Are You Aware of Auto Enrolment Minimum Contribution Rise?

By Sam Thomas | 26th October 2016 | 2 min read

Research from Scottish Widows has revealed misunderstanding around minimum contributions people make to remain compliant with auto enrolment.

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At present, minimum contributions are set to 2%, with 1% coming from the employee, and the other 1% from the employer. However, research from Scottish Widows has revealed that over two thirds of employees – 68% of people – do not realise that from April 5th 2018, these contributions rise to a new minimum, and do so again from April 6th 2019. The research was conducted earlier this year from a pool of 5,000 people and the results were revealed earlier this month.

A breakdown of the increases is provided below.

Phase 1

Up to April 5th 2018, 2% of qualifying earnings must be paid as minimum contributions. This is made up of 1% each from both the employee and employer.

Phase 2

Between April 6th 2018 and April 5th 2019, the minimum contributions rise to 5% minimum, with 2% from the employer and the remaining 3% coming from the employee.

Phase 3

The final phase of the Workplace Pension Reforms sees the minimum contributions rise once again. From April 6th 2019 onwards, the minimums are set to 8% in total, with the employer contributing 3% and the remaining 5% coming from the employee.

For each of the three phase increases, the employer contributes 1%, 2% and 3%, with the employee making up the rest to meet the minimum requirements. However, the employer can chose to pay more and reduce the amount that the employee needs to pay to meet the requirements.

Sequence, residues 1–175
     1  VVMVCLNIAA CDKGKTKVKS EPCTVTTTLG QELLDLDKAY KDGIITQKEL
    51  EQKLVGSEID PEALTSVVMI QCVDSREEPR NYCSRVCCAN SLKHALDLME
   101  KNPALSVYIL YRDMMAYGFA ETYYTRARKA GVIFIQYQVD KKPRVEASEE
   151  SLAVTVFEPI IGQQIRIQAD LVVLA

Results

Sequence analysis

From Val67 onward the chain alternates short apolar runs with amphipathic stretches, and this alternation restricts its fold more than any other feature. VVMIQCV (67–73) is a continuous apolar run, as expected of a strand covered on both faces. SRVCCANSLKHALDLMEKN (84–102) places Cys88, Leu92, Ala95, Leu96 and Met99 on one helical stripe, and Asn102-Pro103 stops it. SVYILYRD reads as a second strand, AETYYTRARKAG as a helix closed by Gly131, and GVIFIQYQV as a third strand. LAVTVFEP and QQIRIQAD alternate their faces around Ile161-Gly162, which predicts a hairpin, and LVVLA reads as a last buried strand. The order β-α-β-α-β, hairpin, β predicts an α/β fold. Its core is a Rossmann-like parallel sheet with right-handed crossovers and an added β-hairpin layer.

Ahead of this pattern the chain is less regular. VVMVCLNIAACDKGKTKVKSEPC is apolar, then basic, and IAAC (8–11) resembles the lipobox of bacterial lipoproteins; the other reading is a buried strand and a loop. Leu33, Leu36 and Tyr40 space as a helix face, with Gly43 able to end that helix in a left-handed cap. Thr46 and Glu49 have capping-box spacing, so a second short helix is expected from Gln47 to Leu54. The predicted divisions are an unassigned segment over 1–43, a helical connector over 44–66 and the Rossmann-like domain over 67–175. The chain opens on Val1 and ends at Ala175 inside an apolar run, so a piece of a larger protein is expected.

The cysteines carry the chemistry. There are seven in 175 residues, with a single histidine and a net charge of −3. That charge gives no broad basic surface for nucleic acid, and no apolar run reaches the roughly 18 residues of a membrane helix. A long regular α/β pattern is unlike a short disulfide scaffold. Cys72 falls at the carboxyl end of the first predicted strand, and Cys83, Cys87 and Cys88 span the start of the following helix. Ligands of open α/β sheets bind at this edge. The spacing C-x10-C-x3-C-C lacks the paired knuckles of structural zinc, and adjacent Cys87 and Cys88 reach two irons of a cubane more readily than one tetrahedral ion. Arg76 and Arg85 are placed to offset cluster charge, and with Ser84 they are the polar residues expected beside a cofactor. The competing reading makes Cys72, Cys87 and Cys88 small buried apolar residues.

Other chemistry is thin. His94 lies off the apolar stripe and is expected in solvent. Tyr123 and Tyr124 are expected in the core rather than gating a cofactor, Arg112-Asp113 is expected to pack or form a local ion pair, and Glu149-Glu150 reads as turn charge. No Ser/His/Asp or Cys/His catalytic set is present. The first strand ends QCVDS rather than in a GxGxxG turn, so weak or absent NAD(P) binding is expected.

These increases are nothing new, they’ve been part of the plan for auto enrolment all along, but this research from Scottish Widows highlights that perhaps communications are not as effective as the could be.

David Holton, Director of Pension Propositions at Scottish Widows, said: “The industry and employers alike need to continue encouraging all workers by providing them with ongoing support on the benefits of being more engaged with longer term savings.”

Scottish Widows did reveal that despite this lack of awareness, only 3% of people who took part in the research stated that they plan to opt-out, perhaps revealing an appetite among employees to save for their retirement despite the additional financial pressure.

What Are You Doing to Prepare?

Payroll World wrote earlier in October about not only how employees will be preparing for these increases, but also about how businesses intend to manage the calculations and payments. With the IRIS AE Suite™, these worries would be non-existent. Developed though close relations with The Pensions Regulator, pension providers – including Scottish Widows – and customer feedback. Used by over 7,000 businesses of all industries and sizes across the UK to process auto enrolment for over 600,000 employees, it stands as the industry’s most comprehensive AE solution.

For a free software demonstration of the IRIS AE Suite™, simply click below to arrange a time and date that fits with your schedule and see the benefits of the Suite today.

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